What about misinfodemics, the spread of a particular health outcome or disease facilitated by viral misinformation? When the news was announced in January 2020, there was much speculation that this was a product of bio-weapons research, and that China knew about the local spread but kept silent about this epidemic. Soon social media started to repeat what was said and rumors spread within a short period of time, creating fear and panic.

Without so much as a fact-check, people merely passed on what was posted in their social media groups. Social media posts about suspected cases in both private and public hospitals were not accurate, but still got spread around.  This may be because people believe in the power of information, even if it cannot be validated. And perhaps, due to general mistrust of governments and people, naïve and gullible folks tend to believe the worst-case scenario.  People by nature are afraid to get sick or die; that paranoia can take a strong foothold. Sinophobia has also been clearly seen in some sectors of society.

The abuse of social media, and transmitting information quickly without checking if it is a theory or a validated fact, has led to draconian policies such as travel bans. Travel bans have not been proven to be an effective way to contain previous infection. Naturally, travel bans lead to disruption in business and society.

Earlier, clinicians were worried about the possibility of transmission from asymptomatic persons, or that this can be passed on from people who are not exhibiting signs of the flu.  With the publication of this bit of information in a single report, widespread fear and changes in public health protocols followed. This was later proven to be not the case.  The passing on of infection from asymptomatic patients is a rare event.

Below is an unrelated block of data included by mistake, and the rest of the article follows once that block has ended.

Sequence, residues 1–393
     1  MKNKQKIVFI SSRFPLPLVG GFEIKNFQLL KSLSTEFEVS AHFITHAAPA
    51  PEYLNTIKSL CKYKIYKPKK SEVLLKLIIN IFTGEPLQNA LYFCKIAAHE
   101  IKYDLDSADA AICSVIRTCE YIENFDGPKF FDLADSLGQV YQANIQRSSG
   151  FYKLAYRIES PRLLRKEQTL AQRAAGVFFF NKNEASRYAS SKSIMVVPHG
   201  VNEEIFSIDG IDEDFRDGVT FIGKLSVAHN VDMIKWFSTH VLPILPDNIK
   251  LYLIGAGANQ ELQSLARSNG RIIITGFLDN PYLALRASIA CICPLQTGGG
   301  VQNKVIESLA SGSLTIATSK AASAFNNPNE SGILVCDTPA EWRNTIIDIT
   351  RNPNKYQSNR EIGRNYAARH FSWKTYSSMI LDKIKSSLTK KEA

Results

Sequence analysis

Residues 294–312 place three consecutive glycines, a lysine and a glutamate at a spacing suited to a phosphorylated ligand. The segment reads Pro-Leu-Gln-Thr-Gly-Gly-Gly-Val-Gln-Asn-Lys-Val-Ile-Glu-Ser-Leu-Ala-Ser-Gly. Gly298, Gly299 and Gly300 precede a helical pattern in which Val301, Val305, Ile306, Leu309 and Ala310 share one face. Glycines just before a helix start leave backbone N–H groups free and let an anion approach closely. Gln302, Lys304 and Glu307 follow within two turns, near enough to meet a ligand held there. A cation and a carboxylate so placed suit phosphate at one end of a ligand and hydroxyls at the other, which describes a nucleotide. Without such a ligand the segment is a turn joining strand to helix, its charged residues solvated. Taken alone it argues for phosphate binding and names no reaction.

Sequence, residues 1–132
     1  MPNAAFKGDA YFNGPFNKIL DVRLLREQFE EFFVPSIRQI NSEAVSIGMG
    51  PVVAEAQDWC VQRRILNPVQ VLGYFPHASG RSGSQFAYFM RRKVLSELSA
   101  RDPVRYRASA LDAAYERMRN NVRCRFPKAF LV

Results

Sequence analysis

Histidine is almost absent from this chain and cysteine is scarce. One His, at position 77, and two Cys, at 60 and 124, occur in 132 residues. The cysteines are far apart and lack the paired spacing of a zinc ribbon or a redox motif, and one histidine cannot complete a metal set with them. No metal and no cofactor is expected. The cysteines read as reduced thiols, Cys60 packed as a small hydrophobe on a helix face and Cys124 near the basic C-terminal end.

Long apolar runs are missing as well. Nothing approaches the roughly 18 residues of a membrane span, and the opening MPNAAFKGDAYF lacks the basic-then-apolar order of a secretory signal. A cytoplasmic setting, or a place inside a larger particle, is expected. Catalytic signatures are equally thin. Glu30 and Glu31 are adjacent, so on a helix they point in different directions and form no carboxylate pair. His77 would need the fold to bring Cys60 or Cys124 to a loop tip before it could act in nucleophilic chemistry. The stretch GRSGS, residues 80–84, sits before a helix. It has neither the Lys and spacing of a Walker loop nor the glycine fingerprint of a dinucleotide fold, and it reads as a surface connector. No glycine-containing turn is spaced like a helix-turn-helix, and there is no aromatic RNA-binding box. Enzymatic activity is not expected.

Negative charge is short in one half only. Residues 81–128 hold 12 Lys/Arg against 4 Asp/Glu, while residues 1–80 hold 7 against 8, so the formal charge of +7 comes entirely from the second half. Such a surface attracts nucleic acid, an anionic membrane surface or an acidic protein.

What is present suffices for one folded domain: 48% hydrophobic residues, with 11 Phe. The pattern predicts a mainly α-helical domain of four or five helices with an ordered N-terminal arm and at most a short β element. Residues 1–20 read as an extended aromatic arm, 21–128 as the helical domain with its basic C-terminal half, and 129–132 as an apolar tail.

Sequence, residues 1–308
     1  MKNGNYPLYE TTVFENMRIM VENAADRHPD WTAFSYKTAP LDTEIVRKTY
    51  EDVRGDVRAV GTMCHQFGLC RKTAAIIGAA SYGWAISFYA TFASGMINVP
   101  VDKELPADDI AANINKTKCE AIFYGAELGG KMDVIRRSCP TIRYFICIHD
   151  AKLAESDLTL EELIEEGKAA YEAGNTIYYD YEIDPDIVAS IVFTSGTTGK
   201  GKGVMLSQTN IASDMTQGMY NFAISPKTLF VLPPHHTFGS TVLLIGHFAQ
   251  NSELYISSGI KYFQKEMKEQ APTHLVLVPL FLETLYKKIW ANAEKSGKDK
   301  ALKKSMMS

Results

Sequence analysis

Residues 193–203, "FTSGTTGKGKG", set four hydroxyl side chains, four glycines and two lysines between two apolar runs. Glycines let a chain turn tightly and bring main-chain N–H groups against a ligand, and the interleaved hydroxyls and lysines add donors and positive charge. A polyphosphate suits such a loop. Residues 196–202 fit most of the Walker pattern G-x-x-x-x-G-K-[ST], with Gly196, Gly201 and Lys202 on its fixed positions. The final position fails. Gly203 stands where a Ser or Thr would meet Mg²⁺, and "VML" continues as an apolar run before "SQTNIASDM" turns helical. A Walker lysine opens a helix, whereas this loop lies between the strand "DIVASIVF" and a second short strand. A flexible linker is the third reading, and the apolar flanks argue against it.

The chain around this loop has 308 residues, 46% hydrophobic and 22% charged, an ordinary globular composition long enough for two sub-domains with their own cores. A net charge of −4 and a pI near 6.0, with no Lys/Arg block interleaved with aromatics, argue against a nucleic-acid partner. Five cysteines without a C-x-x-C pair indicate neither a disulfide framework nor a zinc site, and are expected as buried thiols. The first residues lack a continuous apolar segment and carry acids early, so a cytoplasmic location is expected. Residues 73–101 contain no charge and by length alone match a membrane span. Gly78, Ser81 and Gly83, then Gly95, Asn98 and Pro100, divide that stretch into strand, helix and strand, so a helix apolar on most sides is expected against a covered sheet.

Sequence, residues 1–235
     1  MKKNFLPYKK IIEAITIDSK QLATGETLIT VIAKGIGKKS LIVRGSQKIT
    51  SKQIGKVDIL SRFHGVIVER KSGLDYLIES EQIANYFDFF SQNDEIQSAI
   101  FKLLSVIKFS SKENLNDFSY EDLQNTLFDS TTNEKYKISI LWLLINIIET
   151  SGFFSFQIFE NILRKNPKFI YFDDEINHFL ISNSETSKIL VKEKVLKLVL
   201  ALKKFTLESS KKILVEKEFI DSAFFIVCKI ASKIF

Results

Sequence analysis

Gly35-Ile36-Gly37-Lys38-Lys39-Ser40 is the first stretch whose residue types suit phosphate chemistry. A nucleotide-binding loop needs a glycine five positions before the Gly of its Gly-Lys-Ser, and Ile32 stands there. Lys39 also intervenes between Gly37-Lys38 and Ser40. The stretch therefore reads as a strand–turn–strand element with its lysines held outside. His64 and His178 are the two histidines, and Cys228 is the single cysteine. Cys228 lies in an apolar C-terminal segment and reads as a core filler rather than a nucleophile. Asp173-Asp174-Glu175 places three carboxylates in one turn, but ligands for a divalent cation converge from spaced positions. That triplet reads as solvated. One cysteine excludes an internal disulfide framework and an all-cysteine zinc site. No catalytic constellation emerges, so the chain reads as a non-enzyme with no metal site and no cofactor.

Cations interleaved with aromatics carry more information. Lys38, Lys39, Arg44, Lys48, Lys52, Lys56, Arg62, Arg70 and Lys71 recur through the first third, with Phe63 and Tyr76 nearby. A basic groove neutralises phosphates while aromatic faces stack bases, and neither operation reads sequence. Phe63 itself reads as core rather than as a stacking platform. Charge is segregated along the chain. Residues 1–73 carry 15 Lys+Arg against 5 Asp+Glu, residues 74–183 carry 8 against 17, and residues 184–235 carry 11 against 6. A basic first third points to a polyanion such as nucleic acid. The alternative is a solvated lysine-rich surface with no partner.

However, business opportunities grew in other areas. Disinfecting pills and equipment became popular, whether these were effective or not. Face masks were sold at exorbitant prices. This reminds me of the concept of the Phenomenon of Epidemiological Fallacy:  When people report events, they actually change that event.

What should we do? Authorities and experts have repeatedly called for calm, and to check only official sources of information, namely WHO and national government authorities.  Their advice to practice some social distancing is a sensible one. This means avoiding large crowds and events. The use of protective masks is for those in high-risk situations (working in hospitals, frontliner service crews), and is not for all people.  Boosting immunity to protect from this and other forms of infection is also called for.

Serious handwashing and modifying human behavior such as touching the face, eyes, and mouth are some of the more practical and useful advice for the public.

We believe that if information is correct, timely, and shared with the public, citizens will make the right decision.  Science education has to be strengthened in children at a very young age, to cultivate their curiosity to ask the right questions.

In times like this, credible leadership and trust are called for. This is really part of risk management and communications work.

A holistic government and community approach is the best defense. One of the challenges is how different agencies of government can work together to speak in one authoritative and authentic voice of reason. This cannot be the sole obligation of a health department or ministry. They may be given the mandate, but surely, the machinery and instruments of other government agencies have to assist. Expert advice has to be integrated, and not given piecemeal. Strategy and operational implementation have to be aligned. This means a government edict should be accompanied by a sensible approach to execution, without creating undue panic.

In the last few years, we have seen the erosion of public trust in public health.  Many do not understand the sacrifice health professionals have to make to create a safer, healthy environment for society.  And because of this erosion and neglect of public health, mechanisms to prevent illness and mitigate its impact, and to find resources to treat and intervene, will diminish. Research funds to study emerging and re-emerging diseases will be channeled to other priorities.

We need good health leadership. And we also need better public citizenship.  After all, public health is everybody’s business.